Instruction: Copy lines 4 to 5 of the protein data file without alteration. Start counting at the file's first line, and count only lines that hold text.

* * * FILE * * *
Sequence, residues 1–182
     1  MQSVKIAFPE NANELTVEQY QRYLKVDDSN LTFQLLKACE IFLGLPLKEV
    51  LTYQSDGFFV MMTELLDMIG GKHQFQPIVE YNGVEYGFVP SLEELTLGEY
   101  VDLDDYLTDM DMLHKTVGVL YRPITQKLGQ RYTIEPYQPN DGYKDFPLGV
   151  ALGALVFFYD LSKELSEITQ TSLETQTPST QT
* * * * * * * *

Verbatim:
   101  VDLDDYLTDM DMLHKTVGVL YRPITQKLGQ RYTIEPYQPN DGYKDFPLGV
   151  ALGALVFFYD LSKELSEITQ TSLETQTPST QT